Tuesday, 2 September 2014

Folly Wildlife Rescue

Pippin turned out to be a boy in the end, a cock from Dalkeith - so he was inevitably re-named as Keith. It seemed fitting. Our rescue pigeon stayed with us for three days and eventually I had a call from his owner. In a distinctive Scottish accent, he told me that the pigeon had been let out in Rippon in Yorkshire, with the aim of flying the 150 or so miles back home to Scotland. Poor little Keith got a bit lost and ended up flying south, almost 350 miles to us in East Sussex. The owner said quite categorically that he didn't want the pigeon back and that it was no good to him, basically that it was crap at its job and that he would just 'dispose' of it.

I mentioned to the owner that it might be nice to take Keith to the vet, or an animal centre or try to get him well enough to be released into the wild. The Scottish voice told me to take him to a pigeon fancier who would dispose of it in a bucket of water.

Well it's a flippin' good job that Keith did fly down South and land in my garden as I managed to find a fabulous place for him to recover. Folly Wildlife Rescue near Tunbridge Wells happily took Keith in, wormed him, put some mite powder on him, weighed him and treated him with such love and care. I was so impressed and relieved that someone else thought of pigeons as precious, sentient beings. They even gave us a reference number so we could check on Keith's progress.

I warned the children that Keith might not have survived, so we all crossed our fingers when we made the call today. Yes Keith was still alive, he's in intensive care but they are worried he might have a nasty virus. The volunteer on the phone said she would just go and see him for us. I heard her tip-toe down the animal hospital and when outside Keith's cage she said:

" Ahhh, your Mummy's on the phone little pigeon, she's called to see how you are, isn't that nice?"

I am so pleased that there are people in this world that are as nuts about animals as I am. Cross your fingers everybody, because if Keith makes it he will be introduced into a flock and they will all be released together - back into the wild.

The Wedding

It was the wedding we were all waiting for, my lovely friend of over twenty years marrying her sailor. A day where my children excitedly wore delightful bridesmaids dresses and followed her down the aisle, clutching their posies freshly picked from the garden in their warm, sweaty hands. The congregation gasped as they walked in, sung their hymns with more gusto than I have ever heard before and shed tears at the reading about two lovely dinosaurs. It was a beautiful ceremony and the love overwhelming, many a moment I felt the familiar thickening of my throat and hot tears prick at my eyes.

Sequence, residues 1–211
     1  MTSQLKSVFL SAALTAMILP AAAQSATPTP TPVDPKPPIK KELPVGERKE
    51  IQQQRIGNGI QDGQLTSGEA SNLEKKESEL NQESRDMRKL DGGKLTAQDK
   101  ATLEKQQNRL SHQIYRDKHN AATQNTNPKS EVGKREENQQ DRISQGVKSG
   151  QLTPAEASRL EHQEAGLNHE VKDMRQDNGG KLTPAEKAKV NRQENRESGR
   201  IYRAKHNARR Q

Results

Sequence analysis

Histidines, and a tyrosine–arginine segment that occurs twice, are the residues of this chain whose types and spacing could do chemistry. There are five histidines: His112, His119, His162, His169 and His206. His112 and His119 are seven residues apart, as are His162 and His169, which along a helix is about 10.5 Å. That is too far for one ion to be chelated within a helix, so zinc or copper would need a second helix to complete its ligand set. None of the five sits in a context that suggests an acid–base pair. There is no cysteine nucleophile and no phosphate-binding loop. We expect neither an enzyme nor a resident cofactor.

Hugest congratulations you lovely people. May the rest of your lives be full of joy, laughter and adventure . We can't wait to hear all about your honeymoon on your return. Well, perhaps not all about it.


Tuesday, 26 August 2014

Pippin the pigeon

In the unnatural storms of this week, a little pigeon lost her way. She was found under our car sheltering from the rain which beat down relentlessly, threatening our imminent camping trip. We know she is young because the tag around her leg said so, the Internet helped us decipher that she was born this year and that she was all the way from Dalkeith in Scotland. She was very wet and bedraggled, A said she was must be feeling 'under the weather' which we all giggled at. We gave her some bird seed, and not bread, which she immediately pecked at - probably starving from her journey. We then gave her a little blanket, a pot of water and let her rest. She is still with us now, in the utility in the cat carrier. The fatty catties are unbothered by our new feathered friend, seemingly more concerned with catching the many zeds now that winter is nearly upon us.